Community solar gardens (CSGs) offer the promise to millions—perhaps someday billions—of people to participate in what has proven to be one of the most efficient and effective ways to slow global warming.
CSGs offer all people, regardless of location, economic, or social class, the ability to be a part of a solution that will affect generations upon generations. One hundred years from now, most energy consumers will get their energy from clean and renewable sources.
According to the Solar Energy Industries Association (SEIA), community solar is where a central solar array is built by a utility, municipality, or third-party owner, on either public or private property. Residential and commercial customers then subscribe to the solar array, pledging to purchase their electricity from the array for a contract-specified period of years.
Currently, 42 states have at least one community solar project in the ground, with 1.2 gigawatts (GW) installed at the time of publication; SEIA suggests that more than 3 GW—enough to power more than half a million homes—will be on board over the next several years. The leaders in this movement are Minnesota, Colorado, New York, and Massachusetts, with states like New Jersey, Illinois, Maryland, Nevada, and California coming on strong.
But it’s not just in those states—there will be an evolution of the energy infrastructure across the entire country that enables resource efficiency not even imaginable right now. Community solar projects will play an integral part, but implementing them won’t necessarily be easy.
Putting a solar project together can be challenging. From the land acquisition process to the construction to the different regulations surrounding each particular level of project (federal, state and local), it’s a wonder that any solar projects get done at all.
Community solar projects pose particular difficulties. Rather than dealing with one host for a project, it’s now opened up to the community. Instead of dealing with one offtaker, there are anywhere from dozens to thousands of subscribers, all with different credit ratings.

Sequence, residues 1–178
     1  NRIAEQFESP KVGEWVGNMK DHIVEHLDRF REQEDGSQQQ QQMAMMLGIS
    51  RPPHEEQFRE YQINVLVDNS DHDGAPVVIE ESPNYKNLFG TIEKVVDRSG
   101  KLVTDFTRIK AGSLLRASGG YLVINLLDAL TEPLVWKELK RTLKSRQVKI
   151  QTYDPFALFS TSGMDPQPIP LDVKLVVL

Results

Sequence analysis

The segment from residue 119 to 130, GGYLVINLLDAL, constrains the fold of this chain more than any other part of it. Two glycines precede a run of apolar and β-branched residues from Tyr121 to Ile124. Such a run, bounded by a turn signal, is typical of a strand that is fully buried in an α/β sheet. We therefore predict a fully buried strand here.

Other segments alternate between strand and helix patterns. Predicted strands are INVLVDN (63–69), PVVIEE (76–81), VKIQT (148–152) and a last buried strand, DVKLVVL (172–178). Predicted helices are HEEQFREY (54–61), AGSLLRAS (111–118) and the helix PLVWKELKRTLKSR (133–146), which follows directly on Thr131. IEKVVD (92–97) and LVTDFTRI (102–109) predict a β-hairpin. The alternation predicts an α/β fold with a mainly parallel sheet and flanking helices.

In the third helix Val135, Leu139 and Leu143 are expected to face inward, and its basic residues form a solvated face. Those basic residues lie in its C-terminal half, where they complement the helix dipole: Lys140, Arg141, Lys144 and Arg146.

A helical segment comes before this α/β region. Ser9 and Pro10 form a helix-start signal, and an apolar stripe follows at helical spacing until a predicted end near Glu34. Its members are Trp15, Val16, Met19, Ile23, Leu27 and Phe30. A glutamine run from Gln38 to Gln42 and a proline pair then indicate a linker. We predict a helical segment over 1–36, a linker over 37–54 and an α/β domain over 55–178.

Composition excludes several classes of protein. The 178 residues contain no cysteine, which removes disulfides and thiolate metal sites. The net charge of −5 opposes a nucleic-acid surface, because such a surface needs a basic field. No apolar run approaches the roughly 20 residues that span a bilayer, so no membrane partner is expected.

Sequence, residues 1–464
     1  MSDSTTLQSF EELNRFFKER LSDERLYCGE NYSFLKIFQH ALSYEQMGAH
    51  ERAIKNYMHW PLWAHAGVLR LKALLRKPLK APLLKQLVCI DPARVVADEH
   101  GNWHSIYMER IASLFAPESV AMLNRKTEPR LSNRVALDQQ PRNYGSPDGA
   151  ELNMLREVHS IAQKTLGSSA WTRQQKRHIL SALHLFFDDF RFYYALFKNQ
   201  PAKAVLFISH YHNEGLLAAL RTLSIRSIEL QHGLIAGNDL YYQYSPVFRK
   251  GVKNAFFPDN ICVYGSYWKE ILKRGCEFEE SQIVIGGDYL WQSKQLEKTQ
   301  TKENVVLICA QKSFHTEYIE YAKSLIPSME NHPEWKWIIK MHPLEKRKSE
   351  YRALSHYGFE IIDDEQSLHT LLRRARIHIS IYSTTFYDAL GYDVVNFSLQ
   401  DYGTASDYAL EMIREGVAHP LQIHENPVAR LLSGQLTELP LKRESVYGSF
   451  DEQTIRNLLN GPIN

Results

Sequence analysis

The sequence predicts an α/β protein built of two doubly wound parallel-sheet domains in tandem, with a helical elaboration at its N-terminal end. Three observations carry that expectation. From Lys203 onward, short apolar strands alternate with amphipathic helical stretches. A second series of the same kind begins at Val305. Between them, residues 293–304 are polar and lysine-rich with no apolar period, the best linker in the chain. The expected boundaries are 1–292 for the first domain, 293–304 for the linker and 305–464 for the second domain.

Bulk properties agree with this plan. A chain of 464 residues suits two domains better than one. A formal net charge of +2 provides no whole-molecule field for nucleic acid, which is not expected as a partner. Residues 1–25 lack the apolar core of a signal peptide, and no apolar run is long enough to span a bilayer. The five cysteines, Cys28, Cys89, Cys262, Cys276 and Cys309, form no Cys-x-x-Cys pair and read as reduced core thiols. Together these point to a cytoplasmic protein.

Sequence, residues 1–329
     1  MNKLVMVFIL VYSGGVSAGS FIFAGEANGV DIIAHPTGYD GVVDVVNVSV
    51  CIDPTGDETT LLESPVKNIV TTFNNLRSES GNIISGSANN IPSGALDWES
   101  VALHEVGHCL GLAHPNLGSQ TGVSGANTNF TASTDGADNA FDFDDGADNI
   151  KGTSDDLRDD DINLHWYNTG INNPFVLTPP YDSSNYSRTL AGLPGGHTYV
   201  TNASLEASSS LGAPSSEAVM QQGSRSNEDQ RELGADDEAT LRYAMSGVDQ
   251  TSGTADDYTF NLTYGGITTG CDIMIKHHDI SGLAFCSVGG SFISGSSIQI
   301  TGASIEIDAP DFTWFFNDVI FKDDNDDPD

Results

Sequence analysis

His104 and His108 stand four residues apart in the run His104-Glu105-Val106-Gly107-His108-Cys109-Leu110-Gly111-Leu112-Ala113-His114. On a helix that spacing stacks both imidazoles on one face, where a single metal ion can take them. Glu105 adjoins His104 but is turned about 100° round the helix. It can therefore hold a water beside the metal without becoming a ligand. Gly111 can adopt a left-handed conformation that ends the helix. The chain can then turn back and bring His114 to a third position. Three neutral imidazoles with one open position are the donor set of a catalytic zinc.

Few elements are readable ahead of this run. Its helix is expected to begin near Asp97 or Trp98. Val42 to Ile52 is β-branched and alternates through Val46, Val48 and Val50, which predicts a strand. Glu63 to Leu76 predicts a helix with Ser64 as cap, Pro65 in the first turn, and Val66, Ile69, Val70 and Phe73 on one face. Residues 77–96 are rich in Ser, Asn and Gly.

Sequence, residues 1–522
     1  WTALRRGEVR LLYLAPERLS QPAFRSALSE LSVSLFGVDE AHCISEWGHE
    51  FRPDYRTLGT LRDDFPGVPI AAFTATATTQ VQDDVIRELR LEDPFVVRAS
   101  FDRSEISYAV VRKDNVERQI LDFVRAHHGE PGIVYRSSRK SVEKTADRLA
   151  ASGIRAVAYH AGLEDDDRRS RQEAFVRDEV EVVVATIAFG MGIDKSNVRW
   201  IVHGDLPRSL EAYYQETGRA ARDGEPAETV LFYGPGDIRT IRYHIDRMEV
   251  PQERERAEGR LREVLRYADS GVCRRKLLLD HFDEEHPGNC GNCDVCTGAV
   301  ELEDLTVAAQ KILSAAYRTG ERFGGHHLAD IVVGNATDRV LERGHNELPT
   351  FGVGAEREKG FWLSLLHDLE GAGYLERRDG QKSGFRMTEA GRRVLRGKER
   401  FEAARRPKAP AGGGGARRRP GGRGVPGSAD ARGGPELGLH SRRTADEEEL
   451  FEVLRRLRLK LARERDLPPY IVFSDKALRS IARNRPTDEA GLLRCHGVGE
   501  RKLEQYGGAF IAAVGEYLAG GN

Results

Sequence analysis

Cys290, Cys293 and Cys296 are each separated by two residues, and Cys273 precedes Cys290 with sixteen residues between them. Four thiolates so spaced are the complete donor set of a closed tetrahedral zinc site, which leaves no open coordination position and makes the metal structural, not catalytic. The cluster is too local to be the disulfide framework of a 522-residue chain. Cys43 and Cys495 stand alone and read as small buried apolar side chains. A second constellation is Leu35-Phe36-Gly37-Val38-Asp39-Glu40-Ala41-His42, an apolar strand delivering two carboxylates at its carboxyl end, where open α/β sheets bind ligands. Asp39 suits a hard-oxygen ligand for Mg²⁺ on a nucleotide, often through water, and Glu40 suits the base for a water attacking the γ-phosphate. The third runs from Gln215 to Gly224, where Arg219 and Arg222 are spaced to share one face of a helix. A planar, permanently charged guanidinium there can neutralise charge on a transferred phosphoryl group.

CSG subscribers can range from residential, small and large commercial, and industrial, to municipal governments, school systems, and federally classified low- and medium-income facilities. Navigating the logistical and administrative infrastructure to work with all of these varying stakeholders is enough to stop most projects in their tracks. But the challenges don’t end there.
CSG subscribers are often presented to developers in prescribed mixes of percentages for the makeup of the subscriber base – handling the accurate submission and management of billing credits, Solar Renewable Energy Credits (SREC) payments, and replacement of those that exit from the base for whatever reason, as well as all of the necessary contracting and legal documentation, becomes a juggling act that can easily turn into a complicated mess. For all of these reasons, CSGs are about as complicated as solar projects can get.
Due to the fact that 50-75 percent of potential solar customers can’t put solar panels on their own roof or land, community solar becomes the mechanism that allows them to access the Solar Revolution.Given the influx of money into the segment, the Smart Electric Power Alliance (SEPA) predicts that community solar will make up 30 percent of all distributed-generation solar electricity by 2020, with 42 states having at least one community solar project active. Clearly, the potential for a community solar boom market is there.
For most populations around the globe, solar is easily the most accessible resource on a utility scale and distributed generation basis. There’s always room for a “garden” in nearly every “community.” This is the promise of CSGs, and it calls to the industry to respond with resources, action, persistence, and drive to fill the need.
As challenging as they are, community solar projects work. They provide access to solar for people who, for myriad reasons, can’t afford to put solar on their own roofs. CSG democratizes solar in a way few other opportunities do, and it’s the perfect solution for cities with limited roof space but abundant land.
In other words, community solar is not a passing fad—it’s the fastest-growing segment of the solar industry. As more people recognize its potential, the faster it will grow. And because it is complicated, only companies with expertise in this area will succeed in taking advantage of this rapidly growing market.
Shaun C. Laughlin isHead of U.S. Strategic Development for Standard Solar, which handles all aspects of solar power projects, from development to asset management.